In 2016, the FDA issued a guidance document that explains how researchers studying probiotics as drugs can meet the manufacturing requirements necessary for early clinical trials. More work and continued partnership between the FDA and various stakeholders is needed to advance the clinical science necessary to appropriately understand the safety and effectiveness of these products. We are committed to these goals.

The FDA has also not approved any probiotic as a live biotherapeutic product (LBP), a biological product other than a vaccine that contains live organisms used to prevent or treat a disease or condition in humans. However, there are FDA-regulated foods, including dietary supplements, containing probiotics that are legally available, though these products cannot lawfully be marketed to cure, mitigate, treat, or prevent any diseases. The 2016 guidance also clarifies how some LBPs that are lawfully marketed as a food or dietary supplement can also be studied for investigational use.

The FDA is also considering ways to provide additional clarity on information provided on the supplement facts label for declaring colony forming units of probiotics and weight. We understand that there continues to be growing interest in the potential benefits of probiotics in foods, including dietary supplements, and we are committed to working with industry on efforts to provide information that can help consumers make more informed choices about these products.

Given the strong interest and rapidly evolving science in this field, the FDA is convening a workshop co-hosted with the National Institutes of Health on September 17 that will discuss microbiome-based products and how manipulation of the microbiome may potentially be used to prevent or treat a variety of different diseases. Presentations will be given on a variety of topics including: the regulatory framework for live microbiome-based products; safety and effectiveness of live microbiome-based products used to prevent, treat, or cure diseases in humans; and strain selection for live microbiome-based products to prevent, treat, or cure diseases in humans. The workshop will also include panel discussions. We look forward to the robust scientific conversations that are certain to ensue.

This workshop is part of our broader effort to advance regulatory science in this field, and make sure we establish modern, efficient policies for how we evaluate products that fall under our different regulatory authorities. We recognize the potential benefit offered by these products, but we also have identified certain risks. We need to make sure that these are properly evaluated when these products are marketed and used as drugs, and that consumers have good information on which to base decisions when probiotics are used in conventional foods and dietary supplements. By doing our part in facilitating the conduct of well-designed clinical trials, the FDA and NIH hope that the full potential of the new science of the microbiome can be realized to benefit both individual and public health.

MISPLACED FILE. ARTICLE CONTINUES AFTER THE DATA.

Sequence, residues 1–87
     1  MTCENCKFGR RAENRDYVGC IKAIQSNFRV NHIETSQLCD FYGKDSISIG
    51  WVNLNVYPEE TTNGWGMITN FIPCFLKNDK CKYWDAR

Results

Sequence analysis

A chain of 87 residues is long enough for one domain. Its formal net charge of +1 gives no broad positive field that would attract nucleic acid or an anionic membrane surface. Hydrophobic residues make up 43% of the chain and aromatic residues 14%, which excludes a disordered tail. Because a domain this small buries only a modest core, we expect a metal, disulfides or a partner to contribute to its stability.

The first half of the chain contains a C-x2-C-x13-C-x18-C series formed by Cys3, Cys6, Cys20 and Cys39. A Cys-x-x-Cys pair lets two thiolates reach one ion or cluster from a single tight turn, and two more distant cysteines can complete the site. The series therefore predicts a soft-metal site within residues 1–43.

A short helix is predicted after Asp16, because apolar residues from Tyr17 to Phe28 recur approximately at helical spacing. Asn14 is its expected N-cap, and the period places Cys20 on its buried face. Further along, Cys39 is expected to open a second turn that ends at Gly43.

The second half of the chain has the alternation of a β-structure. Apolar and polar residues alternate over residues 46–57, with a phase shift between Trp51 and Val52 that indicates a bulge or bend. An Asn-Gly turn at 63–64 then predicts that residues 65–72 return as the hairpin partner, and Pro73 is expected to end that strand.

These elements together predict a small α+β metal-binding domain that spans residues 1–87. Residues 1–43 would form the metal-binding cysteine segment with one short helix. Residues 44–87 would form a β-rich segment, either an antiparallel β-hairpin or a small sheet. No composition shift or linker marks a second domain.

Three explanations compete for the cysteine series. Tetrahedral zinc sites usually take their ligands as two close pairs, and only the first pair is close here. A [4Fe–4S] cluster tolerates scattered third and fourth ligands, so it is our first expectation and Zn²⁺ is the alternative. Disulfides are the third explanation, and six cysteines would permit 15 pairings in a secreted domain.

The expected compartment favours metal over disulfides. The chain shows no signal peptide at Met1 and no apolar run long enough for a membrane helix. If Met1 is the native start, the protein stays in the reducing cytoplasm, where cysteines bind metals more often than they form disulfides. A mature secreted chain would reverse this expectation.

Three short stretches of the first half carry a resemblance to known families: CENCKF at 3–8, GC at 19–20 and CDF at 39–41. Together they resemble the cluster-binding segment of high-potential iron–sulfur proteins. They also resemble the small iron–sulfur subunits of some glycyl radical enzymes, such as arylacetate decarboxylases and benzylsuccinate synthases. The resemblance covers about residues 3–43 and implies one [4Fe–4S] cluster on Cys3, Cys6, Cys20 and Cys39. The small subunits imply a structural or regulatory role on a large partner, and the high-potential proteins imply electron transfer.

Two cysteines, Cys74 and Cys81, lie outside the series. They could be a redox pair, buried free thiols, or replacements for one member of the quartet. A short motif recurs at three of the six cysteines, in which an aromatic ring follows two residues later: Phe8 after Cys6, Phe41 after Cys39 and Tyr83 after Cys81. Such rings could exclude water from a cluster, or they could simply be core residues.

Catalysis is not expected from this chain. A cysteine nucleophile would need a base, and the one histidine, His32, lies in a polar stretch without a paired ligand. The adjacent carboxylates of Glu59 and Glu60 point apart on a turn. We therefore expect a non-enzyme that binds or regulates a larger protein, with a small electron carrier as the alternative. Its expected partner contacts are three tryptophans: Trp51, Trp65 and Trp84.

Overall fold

The FDA, an agency within the U.S. Department of Health and Human Services, protects the public health by assuring the safety, effectiveness, and security of human and veterinary drugs, vaccines and other biological products for human use, and medical devices. The agency also is responsible for the safety and security of our nation’s food supply, cosmetics, dietary supplements, products that give off electronic radiation, and for regulating tobacco products.

microbiome drives variation in cognition | Philosophical Transactions of the Royal Society B: Biological Sciences

microbiome drives variation in cognition | Philosophical Transactions of the Royal Society B: Biological Sciences
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Research into proximate and ultimate mechanisms of individual cognitive variation in animal populations is a rapidly growing field that incorporates physiological, behavioural and evolutionary investigations. Recent studies in humans and laboratory animals have shown that the enteric microbial community plays a central role in brain function and development. The ‘gut–brain axis’ represents a multi-directional signalling system that encompasses neurological, immunological and hormonal pathways. In particular it is tightly linked with the hypothalamic–pituitary–adrenal axis (HPA), a system that regulates stress hormone release and influences brain development and function. Experimental examination of the microbiome through manipulation of diet, infection, stress and exercise, suggests direct effects on cognition, including learning and memory. However, our understanding of these processes in natural populations is extremely limited. Here, we outline how recent advances in predominantly laboratory-based microbiome research can be applied to understanding individual differences in cognition. Experimental manipulation of the microbiome across natal and adult environments will help to unravel the interplay between cognitive variation and the gut microbial community. Focus on individual variation in the gut microbiome and cognition in natural populations will reveal new insight into the environmental and evolutionary constraints that drive individual cognitive variation.